Flu season is raging through the U.S. like Mongolian beef through a senior citizen. What many youthful adventurers don’t realize is that the flu can be extremely deadly when not treated correctly. If you’re out on the trail, contracting the flu is extremely dangerous. While the best thing you can do is drink plenty of water and rest, you might want to consider picking up a few prescriptions from nature’s pharmacy to treat the most pressing of your systems. For each of the below herbal remedies, tea is probably the most effective medium of application, except when otherwise noted.
Fever – Yarrow
The most dangerous and most classic flu symptom is a fever, usually of more than 100 F. Yarrow is a diaphoretic, which is a fancy way of saying it makes you sweat a lot. Use the entire plant to help fight your fever in two ways: it cools your body down with increased perspiration and it encourages the virus to pass through your body faster. With consumption of anything that makes you sweat more, make sure you are drinking lots and lots of water.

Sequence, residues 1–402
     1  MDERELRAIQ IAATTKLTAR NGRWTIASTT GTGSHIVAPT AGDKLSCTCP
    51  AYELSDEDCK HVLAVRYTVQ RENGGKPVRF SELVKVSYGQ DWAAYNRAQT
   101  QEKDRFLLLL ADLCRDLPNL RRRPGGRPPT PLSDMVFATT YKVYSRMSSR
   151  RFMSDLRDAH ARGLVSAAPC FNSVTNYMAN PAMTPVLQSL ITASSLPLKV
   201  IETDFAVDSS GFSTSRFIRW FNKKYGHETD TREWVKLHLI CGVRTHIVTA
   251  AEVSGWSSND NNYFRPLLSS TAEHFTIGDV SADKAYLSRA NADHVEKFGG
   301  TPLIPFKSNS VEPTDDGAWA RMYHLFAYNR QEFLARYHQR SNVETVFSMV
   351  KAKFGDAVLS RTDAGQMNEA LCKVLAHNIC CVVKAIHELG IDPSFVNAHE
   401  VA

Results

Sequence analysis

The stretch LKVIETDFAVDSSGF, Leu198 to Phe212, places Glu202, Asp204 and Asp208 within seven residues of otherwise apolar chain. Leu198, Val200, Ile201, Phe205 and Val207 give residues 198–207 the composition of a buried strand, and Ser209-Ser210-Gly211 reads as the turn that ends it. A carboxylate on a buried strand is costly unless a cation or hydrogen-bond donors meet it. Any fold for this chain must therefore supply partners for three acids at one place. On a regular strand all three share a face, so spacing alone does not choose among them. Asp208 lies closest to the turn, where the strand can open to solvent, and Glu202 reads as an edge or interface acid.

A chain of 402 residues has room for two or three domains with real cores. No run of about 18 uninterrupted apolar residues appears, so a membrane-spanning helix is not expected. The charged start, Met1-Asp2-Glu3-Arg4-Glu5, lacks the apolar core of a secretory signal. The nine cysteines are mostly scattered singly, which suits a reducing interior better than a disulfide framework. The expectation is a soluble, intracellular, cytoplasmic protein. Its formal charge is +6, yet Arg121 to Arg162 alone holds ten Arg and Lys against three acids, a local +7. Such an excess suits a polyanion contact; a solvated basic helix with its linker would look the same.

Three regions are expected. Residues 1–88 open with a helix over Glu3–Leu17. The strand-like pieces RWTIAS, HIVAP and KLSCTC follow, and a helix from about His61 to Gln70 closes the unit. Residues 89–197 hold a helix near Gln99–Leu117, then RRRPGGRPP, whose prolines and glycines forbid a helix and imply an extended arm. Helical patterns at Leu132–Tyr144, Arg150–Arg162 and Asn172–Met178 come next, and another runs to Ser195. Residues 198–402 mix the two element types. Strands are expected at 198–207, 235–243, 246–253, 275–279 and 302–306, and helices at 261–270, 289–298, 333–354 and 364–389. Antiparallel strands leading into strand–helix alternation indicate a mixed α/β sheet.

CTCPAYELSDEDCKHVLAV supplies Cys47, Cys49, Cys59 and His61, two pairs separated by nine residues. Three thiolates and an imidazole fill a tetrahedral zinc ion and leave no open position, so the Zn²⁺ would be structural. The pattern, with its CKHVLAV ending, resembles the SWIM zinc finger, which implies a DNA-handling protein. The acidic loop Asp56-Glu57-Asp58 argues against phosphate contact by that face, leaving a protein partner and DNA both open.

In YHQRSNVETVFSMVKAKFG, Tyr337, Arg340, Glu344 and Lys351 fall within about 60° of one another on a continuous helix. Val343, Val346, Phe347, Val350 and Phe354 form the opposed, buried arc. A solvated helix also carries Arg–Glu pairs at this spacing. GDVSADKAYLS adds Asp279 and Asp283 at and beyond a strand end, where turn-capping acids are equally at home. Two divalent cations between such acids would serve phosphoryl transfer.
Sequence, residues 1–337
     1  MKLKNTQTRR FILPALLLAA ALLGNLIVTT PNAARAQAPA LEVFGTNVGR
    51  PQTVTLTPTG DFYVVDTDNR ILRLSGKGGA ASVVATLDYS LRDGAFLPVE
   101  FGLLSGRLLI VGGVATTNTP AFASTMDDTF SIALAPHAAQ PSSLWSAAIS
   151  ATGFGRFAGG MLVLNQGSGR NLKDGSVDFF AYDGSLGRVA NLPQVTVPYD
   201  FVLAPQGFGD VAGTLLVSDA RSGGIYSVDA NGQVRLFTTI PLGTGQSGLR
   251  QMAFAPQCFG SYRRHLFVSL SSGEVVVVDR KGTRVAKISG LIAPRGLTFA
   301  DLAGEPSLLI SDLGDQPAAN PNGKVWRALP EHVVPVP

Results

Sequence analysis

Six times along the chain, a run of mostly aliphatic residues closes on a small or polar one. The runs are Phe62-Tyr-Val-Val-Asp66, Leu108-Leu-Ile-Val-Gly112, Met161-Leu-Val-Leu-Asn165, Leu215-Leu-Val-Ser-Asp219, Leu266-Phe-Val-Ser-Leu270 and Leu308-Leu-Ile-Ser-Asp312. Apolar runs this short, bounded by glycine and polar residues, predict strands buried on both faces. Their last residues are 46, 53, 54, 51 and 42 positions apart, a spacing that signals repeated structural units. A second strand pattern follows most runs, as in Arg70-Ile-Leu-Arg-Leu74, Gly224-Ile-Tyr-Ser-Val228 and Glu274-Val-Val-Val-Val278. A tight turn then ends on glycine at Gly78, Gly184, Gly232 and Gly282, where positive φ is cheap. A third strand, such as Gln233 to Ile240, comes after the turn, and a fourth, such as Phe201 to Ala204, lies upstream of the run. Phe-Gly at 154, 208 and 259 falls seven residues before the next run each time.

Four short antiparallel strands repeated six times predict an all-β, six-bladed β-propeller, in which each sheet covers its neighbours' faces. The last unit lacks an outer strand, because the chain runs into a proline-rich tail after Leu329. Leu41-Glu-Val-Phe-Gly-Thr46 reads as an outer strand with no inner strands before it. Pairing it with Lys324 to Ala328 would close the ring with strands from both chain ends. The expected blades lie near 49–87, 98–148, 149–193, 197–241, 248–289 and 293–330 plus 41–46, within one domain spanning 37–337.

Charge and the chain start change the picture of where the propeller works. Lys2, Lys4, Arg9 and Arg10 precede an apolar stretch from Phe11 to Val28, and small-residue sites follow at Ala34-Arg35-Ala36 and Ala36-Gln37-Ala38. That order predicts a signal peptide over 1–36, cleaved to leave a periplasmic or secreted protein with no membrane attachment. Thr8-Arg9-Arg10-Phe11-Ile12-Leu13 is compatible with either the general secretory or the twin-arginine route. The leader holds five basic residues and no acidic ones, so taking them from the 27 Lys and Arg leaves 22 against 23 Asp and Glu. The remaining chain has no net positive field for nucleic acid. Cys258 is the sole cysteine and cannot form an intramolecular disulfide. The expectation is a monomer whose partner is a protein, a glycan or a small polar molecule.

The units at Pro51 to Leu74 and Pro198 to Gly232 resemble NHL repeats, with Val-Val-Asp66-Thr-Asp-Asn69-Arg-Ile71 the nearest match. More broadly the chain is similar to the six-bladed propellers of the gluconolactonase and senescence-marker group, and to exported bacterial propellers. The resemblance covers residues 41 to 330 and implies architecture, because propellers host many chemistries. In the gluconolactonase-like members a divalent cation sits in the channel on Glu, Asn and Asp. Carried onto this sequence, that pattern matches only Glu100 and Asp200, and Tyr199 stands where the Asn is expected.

Cough — Angelica
Angelica is an expectorant, which means it helps clear mucus out of your lungs and airways, one of the principle causes of that nagging cough that accompanies the flu. For Angelica, use the roots of the plant, rather than the stalks or the leaves, when making tea.
Sore Throat – Oregon Grape root (also, blackberry and raspberry leaves)
Oregon Grape root is commonly used to treat sore throats because it acts to reduce both inflammation and irritation. For West coasters, Oregon Grape root is easy to find. For everyone else, blackberry and raspberry leaves are an excellent substitution and provide similar healing effects.
Runny Nose – Nettles
There are dozens of varieties of nettles in the United States, but most backpackers are most familiar with the stinging variety. Luckily all varieties are useful for treating a runny nose because they act as an antihistamine. Avoid using the leaves of stinging nettles, because the individual stingers can easily get lost in your tea and consumed, which can have very negative effects on the status of your sore throat.
Headache – Lavender and Rosemary (aromatherapy and tea)
Lavender and rosemary grow like weeds in much of the U.S., which is good news for headache-weary backpackers. These two herbs can be used in one of two ways: as a delicious herbal tea or as aromatherapy. Grinding the herbs up with a little water or sunblock will create a poultice you can apply to your skin. The smell will help relieve headache symptoms more aggressively than you would think. Consequently, it will probably be the best you’ll smell on the entire trip.